You’re in Big, Big Trouble, Mister
Making farty noises from his armpit, Thompson alighted from the bus to find the neighborhood blazing. From his own home he rescued a milk crate of LPs, a pepper shaker, another man’s portrait. Flames laid claim to his refrigerator magnet collection. Families of stiffs ate ash from cereal bowls. Oh, melancholia. It was enough to make him rip out his hair.
Bald and bloodied, Thompson apprehended the culprit in a charred copse of willows. Nothing funny about arson, he told her. Nothing funny he repeated and pinched her tush. Let’s say we take us a little trip?
Maybe that’ll happen, she agreed, but don’t let’s get our hopes up.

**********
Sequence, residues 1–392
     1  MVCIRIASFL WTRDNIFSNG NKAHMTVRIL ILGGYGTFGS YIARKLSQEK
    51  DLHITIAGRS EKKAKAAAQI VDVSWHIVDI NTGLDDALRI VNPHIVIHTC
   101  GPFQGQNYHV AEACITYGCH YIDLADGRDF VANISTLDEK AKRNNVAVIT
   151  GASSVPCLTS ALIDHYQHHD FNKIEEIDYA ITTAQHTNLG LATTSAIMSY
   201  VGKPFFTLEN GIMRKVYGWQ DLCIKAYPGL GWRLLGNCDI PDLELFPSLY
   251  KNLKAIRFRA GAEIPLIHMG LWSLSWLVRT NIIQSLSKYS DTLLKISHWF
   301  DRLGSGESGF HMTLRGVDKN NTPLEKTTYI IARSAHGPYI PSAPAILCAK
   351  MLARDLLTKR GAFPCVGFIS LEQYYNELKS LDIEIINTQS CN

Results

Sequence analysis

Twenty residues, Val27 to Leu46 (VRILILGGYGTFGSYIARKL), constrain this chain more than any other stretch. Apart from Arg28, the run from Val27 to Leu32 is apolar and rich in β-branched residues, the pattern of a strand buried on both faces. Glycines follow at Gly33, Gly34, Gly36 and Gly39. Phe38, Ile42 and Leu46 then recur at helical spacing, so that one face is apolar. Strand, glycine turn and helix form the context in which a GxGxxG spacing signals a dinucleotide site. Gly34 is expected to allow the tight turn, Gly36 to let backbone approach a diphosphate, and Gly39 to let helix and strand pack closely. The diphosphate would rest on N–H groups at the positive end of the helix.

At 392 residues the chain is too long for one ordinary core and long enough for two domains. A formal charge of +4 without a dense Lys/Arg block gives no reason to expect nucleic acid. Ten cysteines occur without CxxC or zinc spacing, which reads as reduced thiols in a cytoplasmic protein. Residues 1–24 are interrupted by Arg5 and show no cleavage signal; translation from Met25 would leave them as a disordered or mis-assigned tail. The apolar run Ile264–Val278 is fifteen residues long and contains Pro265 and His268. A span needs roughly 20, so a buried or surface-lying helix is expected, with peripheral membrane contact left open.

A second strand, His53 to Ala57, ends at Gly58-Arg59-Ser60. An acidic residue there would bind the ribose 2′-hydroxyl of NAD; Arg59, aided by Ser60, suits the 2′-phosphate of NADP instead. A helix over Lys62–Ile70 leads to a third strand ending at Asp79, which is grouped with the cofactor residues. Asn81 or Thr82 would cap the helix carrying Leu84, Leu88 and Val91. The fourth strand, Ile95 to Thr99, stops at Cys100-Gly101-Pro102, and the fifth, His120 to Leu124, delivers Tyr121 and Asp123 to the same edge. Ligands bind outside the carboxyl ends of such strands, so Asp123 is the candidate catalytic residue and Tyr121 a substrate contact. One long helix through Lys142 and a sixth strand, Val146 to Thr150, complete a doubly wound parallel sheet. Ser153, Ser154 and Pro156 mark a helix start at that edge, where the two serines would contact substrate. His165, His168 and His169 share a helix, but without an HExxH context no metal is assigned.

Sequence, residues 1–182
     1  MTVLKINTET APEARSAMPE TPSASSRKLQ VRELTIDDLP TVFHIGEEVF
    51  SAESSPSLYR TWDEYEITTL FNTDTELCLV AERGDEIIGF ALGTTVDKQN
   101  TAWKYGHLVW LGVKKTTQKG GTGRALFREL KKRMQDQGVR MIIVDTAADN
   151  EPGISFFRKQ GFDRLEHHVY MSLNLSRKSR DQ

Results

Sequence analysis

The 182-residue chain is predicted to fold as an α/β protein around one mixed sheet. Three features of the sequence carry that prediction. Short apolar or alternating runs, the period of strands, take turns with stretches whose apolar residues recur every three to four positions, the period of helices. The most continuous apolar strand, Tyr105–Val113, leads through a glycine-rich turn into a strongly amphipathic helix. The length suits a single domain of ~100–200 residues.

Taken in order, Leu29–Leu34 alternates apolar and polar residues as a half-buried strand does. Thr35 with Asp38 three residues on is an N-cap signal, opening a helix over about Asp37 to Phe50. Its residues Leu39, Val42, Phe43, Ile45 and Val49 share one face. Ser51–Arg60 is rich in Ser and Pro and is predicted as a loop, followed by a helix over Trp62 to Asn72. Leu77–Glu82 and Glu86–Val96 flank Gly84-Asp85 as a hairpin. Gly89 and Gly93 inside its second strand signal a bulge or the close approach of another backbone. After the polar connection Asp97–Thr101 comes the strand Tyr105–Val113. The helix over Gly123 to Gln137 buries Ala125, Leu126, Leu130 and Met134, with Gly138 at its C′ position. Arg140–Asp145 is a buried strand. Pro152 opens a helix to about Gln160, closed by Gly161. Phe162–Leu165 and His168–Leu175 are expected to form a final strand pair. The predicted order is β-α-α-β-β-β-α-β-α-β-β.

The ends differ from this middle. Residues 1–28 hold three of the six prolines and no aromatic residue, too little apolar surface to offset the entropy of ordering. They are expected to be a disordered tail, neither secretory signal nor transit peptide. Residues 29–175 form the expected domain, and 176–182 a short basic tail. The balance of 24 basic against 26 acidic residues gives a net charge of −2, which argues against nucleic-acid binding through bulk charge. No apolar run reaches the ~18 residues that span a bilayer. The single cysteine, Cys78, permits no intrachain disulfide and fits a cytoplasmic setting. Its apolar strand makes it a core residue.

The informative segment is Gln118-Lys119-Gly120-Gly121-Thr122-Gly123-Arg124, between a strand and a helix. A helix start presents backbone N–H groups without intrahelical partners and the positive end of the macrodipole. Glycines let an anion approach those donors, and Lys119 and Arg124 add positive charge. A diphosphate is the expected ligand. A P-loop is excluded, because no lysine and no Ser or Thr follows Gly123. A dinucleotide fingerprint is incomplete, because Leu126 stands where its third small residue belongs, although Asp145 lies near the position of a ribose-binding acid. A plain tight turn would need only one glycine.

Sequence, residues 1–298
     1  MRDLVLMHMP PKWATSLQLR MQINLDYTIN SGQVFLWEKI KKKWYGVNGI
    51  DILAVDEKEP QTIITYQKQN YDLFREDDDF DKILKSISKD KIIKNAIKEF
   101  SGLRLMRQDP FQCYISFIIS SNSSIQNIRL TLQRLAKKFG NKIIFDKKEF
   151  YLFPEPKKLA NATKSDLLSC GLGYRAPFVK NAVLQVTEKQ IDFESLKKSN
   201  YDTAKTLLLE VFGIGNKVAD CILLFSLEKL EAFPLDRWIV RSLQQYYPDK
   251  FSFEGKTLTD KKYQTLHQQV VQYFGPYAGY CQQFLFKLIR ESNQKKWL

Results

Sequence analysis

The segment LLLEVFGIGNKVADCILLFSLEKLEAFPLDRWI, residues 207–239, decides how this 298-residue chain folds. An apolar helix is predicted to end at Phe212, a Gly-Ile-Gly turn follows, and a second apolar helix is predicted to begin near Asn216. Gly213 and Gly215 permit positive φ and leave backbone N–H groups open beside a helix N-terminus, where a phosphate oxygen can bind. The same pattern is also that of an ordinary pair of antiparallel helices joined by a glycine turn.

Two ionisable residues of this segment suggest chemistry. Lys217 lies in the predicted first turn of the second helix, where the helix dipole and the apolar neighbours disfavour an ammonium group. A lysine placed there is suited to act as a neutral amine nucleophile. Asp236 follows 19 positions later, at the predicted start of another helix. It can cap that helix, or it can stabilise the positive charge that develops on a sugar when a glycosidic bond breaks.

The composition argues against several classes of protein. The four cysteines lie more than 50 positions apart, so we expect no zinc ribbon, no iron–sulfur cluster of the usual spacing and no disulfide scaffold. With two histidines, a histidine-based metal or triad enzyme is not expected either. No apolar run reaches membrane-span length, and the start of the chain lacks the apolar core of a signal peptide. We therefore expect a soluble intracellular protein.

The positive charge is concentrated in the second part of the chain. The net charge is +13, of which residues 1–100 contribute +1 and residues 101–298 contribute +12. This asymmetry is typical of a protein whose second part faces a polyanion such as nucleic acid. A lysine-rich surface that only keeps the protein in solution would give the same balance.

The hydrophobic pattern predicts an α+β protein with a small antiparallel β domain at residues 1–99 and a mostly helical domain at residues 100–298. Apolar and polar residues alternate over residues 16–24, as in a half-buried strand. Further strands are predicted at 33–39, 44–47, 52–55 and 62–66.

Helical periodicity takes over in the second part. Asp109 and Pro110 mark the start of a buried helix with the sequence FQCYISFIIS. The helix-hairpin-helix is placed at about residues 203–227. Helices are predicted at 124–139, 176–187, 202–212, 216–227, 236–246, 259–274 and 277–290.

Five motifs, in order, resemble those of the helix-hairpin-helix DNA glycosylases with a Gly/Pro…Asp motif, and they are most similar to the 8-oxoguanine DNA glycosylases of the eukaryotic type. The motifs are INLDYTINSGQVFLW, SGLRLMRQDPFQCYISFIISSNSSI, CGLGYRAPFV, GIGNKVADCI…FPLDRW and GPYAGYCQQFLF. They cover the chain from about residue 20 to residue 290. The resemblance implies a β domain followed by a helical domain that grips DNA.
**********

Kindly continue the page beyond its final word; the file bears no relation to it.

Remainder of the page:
I saw a rifleman on the commuter rail once and nobody gave him any trouble. His breast pocket was filled with silver-tipped souvenir bullets for kids to suck on. I said to him, You must be a blackjack champion, someone’s personal savior, some kind of a bloodless ranchman cowboy.
He wasn’t. A lifelong city-slicker, he said, a municipal man through and through. He took offense at my assumptions and shot me clean through the left thigh, though to be fair he was spraying a lot of fire at everyone at that time.
The worst part of the wound was the cottonmouth it gave me, and I told him as much, spurting blood on the floor of the sleeper car. He scoffed, buffed the nail of his trigger finger. From somewhere he produced an ice-cold thinger of spring water, bottled at the source. They say if you’re thirsty, you’re already dehydrated, he said. And you are thirsty, aren’t you.
Dan Piepenbring lives in Brooklyn. He is an assistant editor at Farrar, Straus and Giroux. More of his poems appear in the Carolina Quarterly 62.1.